What I've Learned About Pain Management

By Nic Sheff 11/07/12

I drank and used to escape the pain I was in but my problems only magnified. As it turns out, the clichés are true: the only way to get over those feelings is to go through them.

How it all started Photo via

Most everyone agrees, at this point, that addiction is a disease. 

Or at least a genetic abnormality.

In fact scientists are damn close to isolating the specific gene.

I know in my own case that it’s clear how that predisposition manifested itself the first time I ever got drunk. My friend and I were 11 years old. We stole alcohol from the bar of a rented ski cabin up in Tahoe, mixing small amounts of the different liquors in a Snapple bottle so the grownups wouldn’t notice any was missing. For me it’s an old story at this point—practically a legend. I drank some, he drank some. He hated the way it tasted and stopped. I loved the way it made me feel and drank the whole goddamn thing—and then I puked for like an hour.

Something in my brain was turned on that night after feeling the very first effects of that alcohol. Some switch had been flipped. 

It’s not just about drugs and alcohol. It’s about anything we, as human beings, use to avoid feeling the pain of our own existence. 

And, as I would come to learn later, that “switch” would get flipped on whenever I took drugs or alcohol into my system. 

Because once I started, I couldn’t stop. There was no getting around that. 

I believe it is the direct result of my congenital alcoholism. My grandfather drank himself to death. And, on that side of the family—a bunch of Arkansas rednecks (with some Native American thrown in, most likely not, in any way, consensually, I’m ashamed to admit)—there are alcoholics going back as far as anyone can possibly remember. 

So it makes sense that I would have this whole alcoholism thing.

That is, it makes sense why, because of my genetic make-up, once I start drinking or using, I find it nearly impossible to stop.

But from what I can tell, my genetic abnormality shouldn’t be able to make me start drinking or using again.

So then why was it, that after suffering devastating consequences—the devastation of my family, the loss of literally everything I owned, horrible infections, excruciating detoxes, having to abandon all my hopes and dreams for the future—I would continually make the conscious decision to start using again, knowing damn well what I was getting myself into?

I guess the only answer is that I honestly didn’t care anymore. 

I wanted to die.

That is, I wanted to use and then die.

Or use until I died.

After all, I told myself, it was better to live a short life blissed out on drugs than a lifetime of pain and misery.

Those seemed like the only two options for me.

Because I was, truly, in a tremendous amount of pain.

I mean, I really was.

But why was that?  

Why, when I wasn’t getting high, was my life so full of that pain and misery?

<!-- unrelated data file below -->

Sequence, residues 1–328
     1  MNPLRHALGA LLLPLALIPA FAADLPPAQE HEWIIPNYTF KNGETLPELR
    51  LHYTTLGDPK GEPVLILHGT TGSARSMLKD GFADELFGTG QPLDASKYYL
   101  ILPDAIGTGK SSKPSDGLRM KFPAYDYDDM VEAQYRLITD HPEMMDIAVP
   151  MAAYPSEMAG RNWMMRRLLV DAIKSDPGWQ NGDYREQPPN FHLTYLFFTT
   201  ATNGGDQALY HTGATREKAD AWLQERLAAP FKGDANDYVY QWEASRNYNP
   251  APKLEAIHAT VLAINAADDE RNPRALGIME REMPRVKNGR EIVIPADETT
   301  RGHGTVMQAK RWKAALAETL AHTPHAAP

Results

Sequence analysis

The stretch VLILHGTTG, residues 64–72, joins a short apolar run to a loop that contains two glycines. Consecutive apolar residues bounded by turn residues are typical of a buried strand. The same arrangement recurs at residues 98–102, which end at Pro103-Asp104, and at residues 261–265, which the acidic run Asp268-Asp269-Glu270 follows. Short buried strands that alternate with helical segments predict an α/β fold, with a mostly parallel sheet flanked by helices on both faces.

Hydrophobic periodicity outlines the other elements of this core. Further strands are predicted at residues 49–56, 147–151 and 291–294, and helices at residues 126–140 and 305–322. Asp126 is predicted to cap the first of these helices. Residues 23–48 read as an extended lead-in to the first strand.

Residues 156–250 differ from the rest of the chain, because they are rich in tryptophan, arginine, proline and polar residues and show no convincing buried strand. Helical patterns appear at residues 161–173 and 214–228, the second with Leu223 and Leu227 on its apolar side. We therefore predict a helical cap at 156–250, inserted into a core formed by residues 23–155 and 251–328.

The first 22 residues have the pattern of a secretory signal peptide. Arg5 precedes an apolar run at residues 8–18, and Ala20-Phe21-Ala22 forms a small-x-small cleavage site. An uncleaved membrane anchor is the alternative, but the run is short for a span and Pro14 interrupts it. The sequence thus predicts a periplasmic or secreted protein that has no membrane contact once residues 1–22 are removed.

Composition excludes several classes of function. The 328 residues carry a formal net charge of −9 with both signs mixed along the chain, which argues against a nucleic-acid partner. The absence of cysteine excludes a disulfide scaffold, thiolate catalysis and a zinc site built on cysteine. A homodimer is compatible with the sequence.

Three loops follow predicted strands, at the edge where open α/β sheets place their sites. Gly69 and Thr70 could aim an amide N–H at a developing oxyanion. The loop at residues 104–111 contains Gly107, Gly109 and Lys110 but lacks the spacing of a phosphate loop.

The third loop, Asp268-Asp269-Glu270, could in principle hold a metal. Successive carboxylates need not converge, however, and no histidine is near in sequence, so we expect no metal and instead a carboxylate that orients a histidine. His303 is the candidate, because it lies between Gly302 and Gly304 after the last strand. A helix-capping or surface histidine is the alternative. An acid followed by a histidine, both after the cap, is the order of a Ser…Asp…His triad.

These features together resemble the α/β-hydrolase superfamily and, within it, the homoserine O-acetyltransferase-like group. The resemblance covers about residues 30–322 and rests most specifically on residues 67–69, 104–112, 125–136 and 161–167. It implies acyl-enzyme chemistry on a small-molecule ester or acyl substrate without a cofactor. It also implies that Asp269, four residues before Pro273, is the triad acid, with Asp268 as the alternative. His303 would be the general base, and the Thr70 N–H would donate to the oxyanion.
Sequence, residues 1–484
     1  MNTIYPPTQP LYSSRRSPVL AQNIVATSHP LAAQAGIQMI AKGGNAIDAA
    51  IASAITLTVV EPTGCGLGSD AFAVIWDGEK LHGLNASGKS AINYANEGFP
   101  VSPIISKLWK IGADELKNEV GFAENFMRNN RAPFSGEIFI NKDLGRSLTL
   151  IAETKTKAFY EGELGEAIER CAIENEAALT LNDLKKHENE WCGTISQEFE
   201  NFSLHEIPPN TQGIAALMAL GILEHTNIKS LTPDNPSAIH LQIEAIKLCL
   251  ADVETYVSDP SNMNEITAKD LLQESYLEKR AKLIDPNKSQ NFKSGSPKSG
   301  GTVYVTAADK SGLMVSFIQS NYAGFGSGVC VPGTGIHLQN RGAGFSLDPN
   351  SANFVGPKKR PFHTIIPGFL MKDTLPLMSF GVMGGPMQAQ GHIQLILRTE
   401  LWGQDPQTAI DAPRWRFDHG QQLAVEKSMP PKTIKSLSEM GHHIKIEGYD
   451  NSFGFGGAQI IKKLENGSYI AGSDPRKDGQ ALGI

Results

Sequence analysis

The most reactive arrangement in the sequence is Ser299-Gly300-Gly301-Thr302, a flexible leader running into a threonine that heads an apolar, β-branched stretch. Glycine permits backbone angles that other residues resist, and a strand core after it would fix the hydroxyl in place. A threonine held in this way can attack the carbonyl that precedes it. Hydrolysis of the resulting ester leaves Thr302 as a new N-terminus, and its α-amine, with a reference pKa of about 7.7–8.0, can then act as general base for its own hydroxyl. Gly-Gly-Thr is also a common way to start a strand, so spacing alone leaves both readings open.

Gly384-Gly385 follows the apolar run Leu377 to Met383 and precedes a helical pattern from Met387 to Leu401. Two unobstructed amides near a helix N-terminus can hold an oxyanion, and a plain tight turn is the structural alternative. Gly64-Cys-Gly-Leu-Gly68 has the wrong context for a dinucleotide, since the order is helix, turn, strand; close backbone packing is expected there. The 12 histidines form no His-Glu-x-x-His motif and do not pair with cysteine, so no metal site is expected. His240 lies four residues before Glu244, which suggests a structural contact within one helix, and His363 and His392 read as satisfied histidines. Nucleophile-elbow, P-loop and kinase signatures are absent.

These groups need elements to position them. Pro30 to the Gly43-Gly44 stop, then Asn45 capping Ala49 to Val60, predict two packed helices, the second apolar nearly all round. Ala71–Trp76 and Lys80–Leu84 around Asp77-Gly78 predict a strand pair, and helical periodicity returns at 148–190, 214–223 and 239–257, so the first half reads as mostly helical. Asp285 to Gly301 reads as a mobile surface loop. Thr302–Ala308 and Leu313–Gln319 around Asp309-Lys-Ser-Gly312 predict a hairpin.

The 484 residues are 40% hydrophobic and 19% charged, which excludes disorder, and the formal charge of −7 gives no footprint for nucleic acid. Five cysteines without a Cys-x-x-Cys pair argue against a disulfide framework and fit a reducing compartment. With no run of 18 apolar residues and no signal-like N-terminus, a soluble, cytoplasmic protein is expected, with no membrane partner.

In some ways, that seems to me the only question worth asking—both for myself and for every addict of every kind. 

Because it’s not just about drugs and alcohol. It’s about anything we, as human beings, use to avoid feeling the pain of our own existence. Acting out compulsively with sex, relationships, video games, TV, gambling, food, exercise or whatever else stems from the desire and need to escape the very real and deep-rooted sorrow in each one of us.

And certainly there must be a tremendous amount of this sorrow and pain in people because addiction, in one form or another, has reached epidemic proportions. It touches, at least by proxy, most everybody (or pretty close to it). 

I’d even go so far as to say that our culture encourages addiction by promoting dependence on distraction in all its many forms—although that’s another column altogether.

So does it stand to reason then that all people, to one degree or another, are in pain and suffering?

Is it an epidemic of pain in our society  that’s actively fueling this epidemic of addiction?

I think that it must be, yes.

Only, what is this pain? Where does it come from?

Of course, I can’t speak for anyone else but I have absolutely nothing terribly tragic to blame for mine. I’ve been very lucky my whole life and have had to face few hardships.

Sure, my parents divorced when I was four or five. And, sure, I had problems with my step dad. And, sure, I felt like my mom left me when I was little because she moved down to LA from San Francisco and I only got to see her a couple of times a year. And, sure, I saw a homeless guy get run over by a car right in front of me when I was around eight or nine. And yes, growing up in San Francisco in the late 80’s, we had a lot of family friends who were diagnosed with HIV and two that I was very close to died. 

But none of that is anything special or exceptionally traumatic.

I’ve known plenty of people who had the most horrible things imaginable happen to them when they were little and they didn’t end up addicted to anything. They’re living good, honest, productive lives. They are functioning members of society. They don’t fantasize about killing themselves or using drugs until they die.

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Nic Sheff is the author of two memoirs about his struggles with addiction: the New York Times bestselling Tweak: Growing Up on Methamphetamines and We All Fall Down: Living with Addiction. Nic lives in Los Angeles, California where he writes for film and television. Find Nic on Twitter.